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Collision Repairers Learn How to Negotiate with Insurers to Get Paid for All Work

Written by Abby Andrews, Autobody News
Published
Nov. 10, 2022

Negotiating with insurers is just part of the repair process and nothing to dread, according to Mike Anderson of Collision Advice.

Anderson and Danny Gredinberg, of the Database Enhancement Gateway (DEG), presented “Bullet-Proof Negotiation Tactics” Nov. 2 at the 2022 SEMA Show, part of the Society of Collision Repair Specialists’ (SCRS) Repairer Driven Education series.

“I’m seeing more and more friction between shops and insurers,” Anderson said. “The goal is to give you negotiation strategies to reduce that friction and get paid more.”

Anderson and Gredinberg gave tips on how to approach negotiations from a fact-based standpoint---with documentation, and where to find it---and finally discussed a collision repairer’s options when an insurer still won’t pay for work.

Anderson said anyone can get a copy of the full presentation by emailing his assistant, Tiffany Driggers, at tiffany@collisionadvice.com.

“This presentation is in no way anti-insurance,” Anderson said.

Many people make the mistake of thinking of negotiations as a negative thing, like a fight or an argument, he said, but they’re a discussion aimed at reaching an agreement.

Repairers must negotiate on things like labor times, not-included labor operations, labor rates, alternative parts usage and more, Anderson said.

The negotiation begins the moment you interact with the customer, he said. “The customer is really the boss. Get the customer believing in you before you enter into conversation with the payer.”

Anderson suggested reviewing the vehicle’s owner’s manual with the owner, to show the owner exactly what the automaker says must be done to properly complete the repair. If the manual isn’t in the car, it can be downloaded from the DEG’s website, www.degweb.org.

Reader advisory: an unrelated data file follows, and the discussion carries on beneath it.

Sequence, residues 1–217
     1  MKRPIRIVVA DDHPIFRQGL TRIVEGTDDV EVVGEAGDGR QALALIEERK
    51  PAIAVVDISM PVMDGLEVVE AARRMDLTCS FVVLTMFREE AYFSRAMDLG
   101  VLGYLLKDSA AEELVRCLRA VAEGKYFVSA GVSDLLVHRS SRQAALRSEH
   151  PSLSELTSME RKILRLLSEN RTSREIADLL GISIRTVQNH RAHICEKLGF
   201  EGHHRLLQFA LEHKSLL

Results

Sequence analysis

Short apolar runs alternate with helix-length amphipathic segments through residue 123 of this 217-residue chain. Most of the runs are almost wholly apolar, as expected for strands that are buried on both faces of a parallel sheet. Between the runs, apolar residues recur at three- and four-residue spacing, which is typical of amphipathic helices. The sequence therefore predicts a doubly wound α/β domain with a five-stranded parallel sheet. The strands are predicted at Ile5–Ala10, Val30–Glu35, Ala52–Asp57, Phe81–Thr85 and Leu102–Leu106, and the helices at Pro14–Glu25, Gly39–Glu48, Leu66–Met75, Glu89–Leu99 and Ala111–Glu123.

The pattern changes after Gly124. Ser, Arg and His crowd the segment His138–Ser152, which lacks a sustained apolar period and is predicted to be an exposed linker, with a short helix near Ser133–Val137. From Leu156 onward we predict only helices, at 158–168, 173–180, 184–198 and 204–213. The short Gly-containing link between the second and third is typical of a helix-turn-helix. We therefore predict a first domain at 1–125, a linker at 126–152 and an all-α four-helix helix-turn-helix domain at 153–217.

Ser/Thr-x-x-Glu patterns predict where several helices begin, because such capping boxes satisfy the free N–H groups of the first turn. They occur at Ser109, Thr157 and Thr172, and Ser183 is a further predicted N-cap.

If your shop is not in a DRP and the insurance company is causing a delay, call the customer every day, Gredinberg said.

“Tell the customer their car is on hold after disassembling, and they may want to call to expedite the claim,” Anderson said. “After you’ve called them two or three days, the customer will call and either get their insurance to pay, or they’ll pay it themselves. Either way, you get the car out.”

When writing an estimate, it needs to tell a story, with good line notes and quality photos.

“Line notes are critical to show why you support that charge,” Gredinberg said. “It helps reduce back and forth on a phone call.”

Photos should capture damage head on, use aids to show dents, use proper lighting and have a date stamp if allowed, he said.

Attach OEM repair procedures to the estimate, as they can change frequently.

Anderson then went over his “Rules of Negotiation.”

Your Opinion Don’t Mean Jack

“It only matters what you can prove, substantiate or justify,” he said.

Don’t Take the Bait

“When insurers say, ‘No one else charges for that, you’re the only one,’ they’re baiting you,” he said. “Say, ‘I don’t care what anyone else charges for, I want to stick to the facts.’”

Present the Facts

Is it required to restore the car to pre-accident condition? Is it included in any other labor operation? Is there a pre-determined time in the database? If not, what is it worth?

“These are questions based on fact, not emotions,” Anderson said.


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